A more practical consideration that leads some universities to offer a degree in non-fiction is that they believe it will help their students become better journalists or bloggers. With the rise of the digital age, the distinction between fact and fiction has blurred, and the demand for multimedia content, such as infographics and data-driven visualizations, has increased. Therefore, studying non-fiction will prepare students for a career in the field of information retrieval and curation.


Drama is another common component of a creative writing program. Like fiction, drama has traditionally been defined in terms of its elements, such as plot, character, and theme, but in recent years, the boundaries have blurred. For example, students might study theater games or interactive dramas, which blend elements of theater, film, and gaming. While traditional drama studies will certainly give you a solid foundation in scene construction and stage combat, you will also have the opportunity to develop your creative skills through writing, acting, and directing.


Another important aspect of a creative writing program is the exposure to different styles of writing and the opportunity to develop your own voice. It is well known that William Shakespeare was not averse to the odd sonnet here and there, and the experimental styles of many modern day poets can still be found on the web. Studying poetry will give you a chance to explore different narrative structures and develop your creative techniques in terms of language and rhythm. It also means that you will have the opportunity to engage with some of the best English teachers in the world, who are also renowned for their creative writing skills!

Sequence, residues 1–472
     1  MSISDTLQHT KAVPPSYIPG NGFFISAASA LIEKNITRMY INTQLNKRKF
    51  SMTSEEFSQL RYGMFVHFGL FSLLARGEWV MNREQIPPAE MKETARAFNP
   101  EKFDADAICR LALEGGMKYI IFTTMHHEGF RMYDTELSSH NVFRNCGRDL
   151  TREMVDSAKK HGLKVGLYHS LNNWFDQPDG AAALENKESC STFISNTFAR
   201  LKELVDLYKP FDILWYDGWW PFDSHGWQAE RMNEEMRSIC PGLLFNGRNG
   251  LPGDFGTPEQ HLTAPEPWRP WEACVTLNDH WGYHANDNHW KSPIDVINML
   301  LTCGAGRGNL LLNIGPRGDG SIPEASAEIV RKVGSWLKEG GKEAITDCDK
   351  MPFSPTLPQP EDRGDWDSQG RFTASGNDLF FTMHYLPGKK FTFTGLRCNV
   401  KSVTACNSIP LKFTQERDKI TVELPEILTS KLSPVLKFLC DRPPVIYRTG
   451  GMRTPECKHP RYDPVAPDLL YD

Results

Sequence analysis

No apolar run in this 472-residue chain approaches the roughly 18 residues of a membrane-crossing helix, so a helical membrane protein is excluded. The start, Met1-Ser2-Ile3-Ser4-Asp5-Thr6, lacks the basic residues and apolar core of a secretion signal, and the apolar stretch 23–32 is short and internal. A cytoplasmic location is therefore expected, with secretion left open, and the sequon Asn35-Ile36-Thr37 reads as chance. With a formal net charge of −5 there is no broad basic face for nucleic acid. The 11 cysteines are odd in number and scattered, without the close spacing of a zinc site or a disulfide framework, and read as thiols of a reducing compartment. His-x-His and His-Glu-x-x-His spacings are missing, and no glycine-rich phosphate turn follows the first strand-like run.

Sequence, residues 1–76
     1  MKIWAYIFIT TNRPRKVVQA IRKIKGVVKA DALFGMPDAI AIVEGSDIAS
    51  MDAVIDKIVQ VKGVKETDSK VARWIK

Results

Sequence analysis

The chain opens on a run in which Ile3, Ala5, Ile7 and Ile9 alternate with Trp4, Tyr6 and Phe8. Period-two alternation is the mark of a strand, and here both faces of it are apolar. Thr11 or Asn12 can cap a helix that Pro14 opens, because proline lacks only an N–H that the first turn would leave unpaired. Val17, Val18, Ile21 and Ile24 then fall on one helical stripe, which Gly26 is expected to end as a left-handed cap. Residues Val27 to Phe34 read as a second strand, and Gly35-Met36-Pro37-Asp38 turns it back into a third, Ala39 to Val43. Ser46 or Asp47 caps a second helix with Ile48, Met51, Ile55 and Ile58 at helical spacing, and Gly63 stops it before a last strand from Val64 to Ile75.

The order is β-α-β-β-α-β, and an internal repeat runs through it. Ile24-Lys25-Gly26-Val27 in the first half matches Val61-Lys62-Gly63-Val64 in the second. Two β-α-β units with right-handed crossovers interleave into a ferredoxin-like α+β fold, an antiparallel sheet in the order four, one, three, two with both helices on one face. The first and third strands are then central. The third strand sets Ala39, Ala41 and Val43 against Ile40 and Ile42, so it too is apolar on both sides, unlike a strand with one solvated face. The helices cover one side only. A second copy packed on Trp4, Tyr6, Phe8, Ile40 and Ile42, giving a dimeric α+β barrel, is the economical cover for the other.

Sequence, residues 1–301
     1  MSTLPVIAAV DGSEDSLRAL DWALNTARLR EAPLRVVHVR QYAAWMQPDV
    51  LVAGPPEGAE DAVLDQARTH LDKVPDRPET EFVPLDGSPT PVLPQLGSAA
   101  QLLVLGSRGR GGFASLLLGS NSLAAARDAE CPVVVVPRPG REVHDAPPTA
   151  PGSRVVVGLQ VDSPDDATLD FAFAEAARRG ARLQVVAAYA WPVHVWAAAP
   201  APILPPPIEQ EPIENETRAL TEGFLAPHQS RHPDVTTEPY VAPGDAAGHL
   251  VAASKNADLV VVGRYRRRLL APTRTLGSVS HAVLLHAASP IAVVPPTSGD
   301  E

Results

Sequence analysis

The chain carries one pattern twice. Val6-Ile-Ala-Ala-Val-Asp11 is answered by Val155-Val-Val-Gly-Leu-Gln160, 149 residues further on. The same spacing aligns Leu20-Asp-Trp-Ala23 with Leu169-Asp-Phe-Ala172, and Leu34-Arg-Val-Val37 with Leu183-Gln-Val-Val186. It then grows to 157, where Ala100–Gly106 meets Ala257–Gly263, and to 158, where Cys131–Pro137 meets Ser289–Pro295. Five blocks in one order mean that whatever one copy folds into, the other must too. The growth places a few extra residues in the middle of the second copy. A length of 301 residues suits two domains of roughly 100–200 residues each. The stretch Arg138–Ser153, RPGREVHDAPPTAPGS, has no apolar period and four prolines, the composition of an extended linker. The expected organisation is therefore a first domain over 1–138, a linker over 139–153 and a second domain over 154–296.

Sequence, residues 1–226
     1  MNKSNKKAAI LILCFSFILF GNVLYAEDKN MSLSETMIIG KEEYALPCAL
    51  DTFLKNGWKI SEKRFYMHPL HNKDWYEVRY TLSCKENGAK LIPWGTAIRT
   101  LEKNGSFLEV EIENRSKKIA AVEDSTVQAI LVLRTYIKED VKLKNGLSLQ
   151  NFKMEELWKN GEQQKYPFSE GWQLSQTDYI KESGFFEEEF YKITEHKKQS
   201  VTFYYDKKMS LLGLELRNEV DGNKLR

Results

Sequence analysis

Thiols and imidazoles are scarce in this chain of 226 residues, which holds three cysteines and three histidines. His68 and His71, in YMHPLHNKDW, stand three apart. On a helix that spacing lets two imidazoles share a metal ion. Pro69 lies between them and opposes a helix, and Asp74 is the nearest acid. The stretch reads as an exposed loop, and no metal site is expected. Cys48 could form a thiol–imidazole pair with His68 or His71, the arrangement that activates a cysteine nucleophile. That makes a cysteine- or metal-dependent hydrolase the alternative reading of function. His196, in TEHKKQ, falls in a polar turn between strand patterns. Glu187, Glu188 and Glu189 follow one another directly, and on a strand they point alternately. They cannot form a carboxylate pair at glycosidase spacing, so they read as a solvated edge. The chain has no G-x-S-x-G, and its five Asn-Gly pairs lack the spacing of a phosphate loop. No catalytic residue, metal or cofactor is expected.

An essay is a short piece of non-fiction that typically explores a single topic in depth, offering an opinion on the subject or explaining something that happened in the context of a narrative. What’s important about essays is not so much what you will study but rather the range of topics that you will encounter. It’s an excellent opportunity to study something that you are genuinely passionate about and to develop your skills as an argumentative writer. Being able to write an essay with proficiency is a valuable tool for any student, regardless of their career path!


Once you’ve studied creative writing, you might not necessarily want to limit yourself to a single career when it comes to making your creative endeavors known to the world. Having a degree in screenwriting will give you the option to pursue either screenwriting for film or television, or, if you prefer,, digital content such as video games and online narrative.